Behind my desk there is on full display a brochure with the SDGs, i.e. the 17 Sustainable Development Goals identified by the UN as primary aims of the world: all countries shall try to achieve them, providing a contribution based on their own capabilities. “All countries” means that all of us must feel involved: institutions, companies, private citizens.

To raise awareness about the achievement of these goals, Asvis (Alliance for Sustainable Development), is promoting the “One Goal per Day” campaign: it intends to describe the situation of the country by focusing attention on topics concerning future, the effects of the pandemic crisis on the sustainable development goals and the prospects related to the investments envisaged by the Next Generation.

Number 5 of these goals concerns gender equality and supports equal opportunities between men and women in economic life, the elimination of all forms of violence against women and girls, the elimination of early and forced marriages, and equal participation at all levels.

The goal to be achieved is gender equality and the empowerment of all women and girls.
I am convinced that looking at our past, our roots and our history we can find a way, some ideas to follow.
This is the reason why, if we weren’t in Covid full emergency, I would be on the first flight to London to admire the exhibition at the National Gallery dedicated to the painter Artemisia Gentileschi.

Artemisia Gentileschi

Artemisia can be considered one of the first women who refused to submit to the rules and restrictions imposed on women not only by the labour market but also by society and therefore art, both in the past and still today, unfortunately.

Being a woman in 1600 meant being weak, with few rights and many duties, with the obligation to be pious, submissive, virgin, modest, fertile, and above all inferior to any husband, brother or father, even the most incapable.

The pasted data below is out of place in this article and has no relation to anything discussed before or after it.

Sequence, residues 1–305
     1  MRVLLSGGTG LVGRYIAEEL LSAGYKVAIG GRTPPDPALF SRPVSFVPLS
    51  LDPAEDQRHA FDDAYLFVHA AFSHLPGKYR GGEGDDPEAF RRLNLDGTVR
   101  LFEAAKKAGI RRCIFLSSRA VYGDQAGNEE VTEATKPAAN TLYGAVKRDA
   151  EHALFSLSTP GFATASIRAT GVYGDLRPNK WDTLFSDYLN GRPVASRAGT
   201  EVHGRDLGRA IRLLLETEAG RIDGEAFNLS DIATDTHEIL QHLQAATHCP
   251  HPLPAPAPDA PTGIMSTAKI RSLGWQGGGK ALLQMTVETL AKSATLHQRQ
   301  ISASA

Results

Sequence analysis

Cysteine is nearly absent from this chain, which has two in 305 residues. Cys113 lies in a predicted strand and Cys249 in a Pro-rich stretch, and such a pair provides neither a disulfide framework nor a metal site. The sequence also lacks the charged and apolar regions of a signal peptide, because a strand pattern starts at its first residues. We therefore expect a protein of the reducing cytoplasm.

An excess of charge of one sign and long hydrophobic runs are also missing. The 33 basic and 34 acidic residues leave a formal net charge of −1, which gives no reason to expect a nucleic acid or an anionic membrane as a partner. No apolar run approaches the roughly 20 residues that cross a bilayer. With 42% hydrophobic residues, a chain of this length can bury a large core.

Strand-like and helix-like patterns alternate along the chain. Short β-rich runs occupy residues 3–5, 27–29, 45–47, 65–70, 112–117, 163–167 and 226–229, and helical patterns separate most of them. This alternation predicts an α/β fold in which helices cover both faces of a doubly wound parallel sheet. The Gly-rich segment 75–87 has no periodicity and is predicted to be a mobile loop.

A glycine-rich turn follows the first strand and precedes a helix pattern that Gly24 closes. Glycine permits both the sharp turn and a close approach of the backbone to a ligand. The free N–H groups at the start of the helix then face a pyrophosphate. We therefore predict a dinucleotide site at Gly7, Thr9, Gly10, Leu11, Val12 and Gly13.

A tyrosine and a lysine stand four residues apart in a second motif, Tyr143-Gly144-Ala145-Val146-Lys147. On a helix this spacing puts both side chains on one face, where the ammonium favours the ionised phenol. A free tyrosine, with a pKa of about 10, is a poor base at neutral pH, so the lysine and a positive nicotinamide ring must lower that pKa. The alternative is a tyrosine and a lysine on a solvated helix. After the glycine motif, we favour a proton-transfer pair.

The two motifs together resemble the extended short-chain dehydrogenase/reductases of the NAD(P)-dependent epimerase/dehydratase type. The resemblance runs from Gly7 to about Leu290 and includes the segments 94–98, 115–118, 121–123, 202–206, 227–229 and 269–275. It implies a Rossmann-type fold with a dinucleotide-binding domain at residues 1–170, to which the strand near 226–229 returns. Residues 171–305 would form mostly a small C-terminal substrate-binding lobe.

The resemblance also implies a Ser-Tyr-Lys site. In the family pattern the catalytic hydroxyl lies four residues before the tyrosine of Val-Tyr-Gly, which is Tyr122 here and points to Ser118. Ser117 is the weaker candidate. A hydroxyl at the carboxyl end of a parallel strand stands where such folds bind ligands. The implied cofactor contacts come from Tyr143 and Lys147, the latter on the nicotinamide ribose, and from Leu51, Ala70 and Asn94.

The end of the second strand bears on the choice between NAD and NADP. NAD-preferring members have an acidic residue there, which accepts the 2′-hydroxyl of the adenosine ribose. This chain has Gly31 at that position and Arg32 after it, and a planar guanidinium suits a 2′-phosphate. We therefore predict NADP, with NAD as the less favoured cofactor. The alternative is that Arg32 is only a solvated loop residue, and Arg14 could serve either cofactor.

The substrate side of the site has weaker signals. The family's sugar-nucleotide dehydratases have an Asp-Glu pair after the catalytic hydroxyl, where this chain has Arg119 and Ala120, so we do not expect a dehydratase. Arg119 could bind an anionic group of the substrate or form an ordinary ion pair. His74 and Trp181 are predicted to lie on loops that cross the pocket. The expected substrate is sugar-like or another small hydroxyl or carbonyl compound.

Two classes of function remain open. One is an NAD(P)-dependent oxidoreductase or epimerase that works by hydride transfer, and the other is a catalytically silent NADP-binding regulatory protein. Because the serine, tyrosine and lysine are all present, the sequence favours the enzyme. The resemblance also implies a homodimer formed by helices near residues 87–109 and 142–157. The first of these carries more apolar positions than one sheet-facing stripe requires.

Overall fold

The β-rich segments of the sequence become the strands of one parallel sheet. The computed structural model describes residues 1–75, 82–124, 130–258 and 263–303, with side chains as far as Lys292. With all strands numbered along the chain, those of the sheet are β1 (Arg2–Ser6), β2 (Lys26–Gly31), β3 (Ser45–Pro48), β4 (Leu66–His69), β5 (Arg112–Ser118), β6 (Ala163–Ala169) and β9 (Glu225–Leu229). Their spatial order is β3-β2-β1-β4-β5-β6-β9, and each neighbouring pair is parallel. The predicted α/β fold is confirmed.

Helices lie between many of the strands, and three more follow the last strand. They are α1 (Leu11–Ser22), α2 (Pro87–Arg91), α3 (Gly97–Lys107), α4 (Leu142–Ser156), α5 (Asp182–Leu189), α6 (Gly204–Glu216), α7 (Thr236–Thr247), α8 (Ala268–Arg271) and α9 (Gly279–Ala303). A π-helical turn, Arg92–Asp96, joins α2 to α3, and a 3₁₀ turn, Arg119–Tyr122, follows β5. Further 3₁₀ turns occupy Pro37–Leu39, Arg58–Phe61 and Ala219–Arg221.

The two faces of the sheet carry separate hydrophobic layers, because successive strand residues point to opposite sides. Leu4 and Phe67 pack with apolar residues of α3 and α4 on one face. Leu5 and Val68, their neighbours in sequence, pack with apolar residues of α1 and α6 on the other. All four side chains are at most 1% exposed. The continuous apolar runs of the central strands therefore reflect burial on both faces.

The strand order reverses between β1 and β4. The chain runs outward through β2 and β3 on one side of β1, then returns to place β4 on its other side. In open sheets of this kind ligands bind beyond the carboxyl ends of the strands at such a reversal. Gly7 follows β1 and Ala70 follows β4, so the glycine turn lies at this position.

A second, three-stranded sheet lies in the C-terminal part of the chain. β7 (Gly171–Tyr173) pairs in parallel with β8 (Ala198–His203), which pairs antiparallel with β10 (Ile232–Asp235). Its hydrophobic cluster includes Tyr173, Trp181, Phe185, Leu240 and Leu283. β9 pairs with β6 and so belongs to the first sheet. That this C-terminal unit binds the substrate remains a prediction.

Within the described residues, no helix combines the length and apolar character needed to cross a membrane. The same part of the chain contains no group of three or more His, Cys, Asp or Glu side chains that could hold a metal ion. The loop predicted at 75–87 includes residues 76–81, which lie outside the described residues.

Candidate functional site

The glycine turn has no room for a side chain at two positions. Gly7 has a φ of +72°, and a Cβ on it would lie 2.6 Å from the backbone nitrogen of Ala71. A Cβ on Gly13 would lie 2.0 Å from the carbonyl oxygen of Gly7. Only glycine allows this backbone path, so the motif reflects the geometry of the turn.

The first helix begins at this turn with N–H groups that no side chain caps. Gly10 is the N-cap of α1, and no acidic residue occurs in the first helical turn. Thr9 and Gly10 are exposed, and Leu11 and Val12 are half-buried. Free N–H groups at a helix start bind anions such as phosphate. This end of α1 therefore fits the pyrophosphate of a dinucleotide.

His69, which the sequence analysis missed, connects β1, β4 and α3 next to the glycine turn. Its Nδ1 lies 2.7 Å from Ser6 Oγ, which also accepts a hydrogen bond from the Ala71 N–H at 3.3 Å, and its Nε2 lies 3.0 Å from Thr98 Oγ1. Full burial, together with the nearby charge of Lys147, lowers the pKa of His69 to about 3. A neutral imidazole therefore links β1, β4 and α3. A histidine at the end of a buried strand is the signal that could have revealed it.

Women were excluded from schools of art, from the study of men in the nude, from shop life.

The world of art was only mastered by male painters.
For women travel was difficult, as well as reaching other cities, visiting the main monuments and seeing art collections. Artemisia was born at the end of 1500 in Rome, daughter of art, her father Orazio Gentileschi, painter, was one of the few friends of Michelangelo Merisi, known as Caravaggio.

The young woman grows up in the art workshop, she meets painters, listens to the speeches of various intellectuals and begins to paint trying to infuse her colourful painting, full of grace and pride, in a world of male domination. On her canvas she puts passion, ability, bravery and sweetness. After being raped by Agostino Tassi, her teacher of perspective, Artemisia denounces the abuse, with her extraordinary bravery.

From the trial, Tassi comes out practically unscathed, while she has to suffer heavy moral condemnations, in addition to the crudeness of the inquisitive methods of the Court: Artemisia agrees to testify under torture, to prove her virginity before the rape, and she is subjected to the sibyl, a torture for painters consisting in binding their fingers with ropes until they bleed. Despite all, Artemisia keeps on painting, she moves to Florence, where she has a long correspondence with the great scientist Galileo Galilei and she becomes the first woman admitted to the Picture Academy.

Such recognition ensured Artemisia’s independence, allowing her to live as painter, working, collecting the fruits of her efforts and traveling wherever: Venice, Rome, Naples and London. Her fame and success exponentially grew, and Artemisia will be remembered as a heroine, a proud, almost indomitable woman, going against the trend in the art scene of the time.

Artemisia becomes a heroine of feminism, her image as a committed woman represented and still represents the image of independence against difficulties and prejudices: she is an example for all young women who want to follow their passions, challenge conventions and make their way into the world of art, work, society.

How many of these conventions still resist nowadays?
How many women are forced to feel, regardless of their role, status or age, still inferior to men?
How much is still to be done to achieve goal 5 of the SDGs?

We are not so close, of course. But every day we could take a step forward if all of us had even a drop of Artemisia Gentileschi’s blood in our bodies.


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    Elena Salda

    CEO, Hr Manager e Communication Manager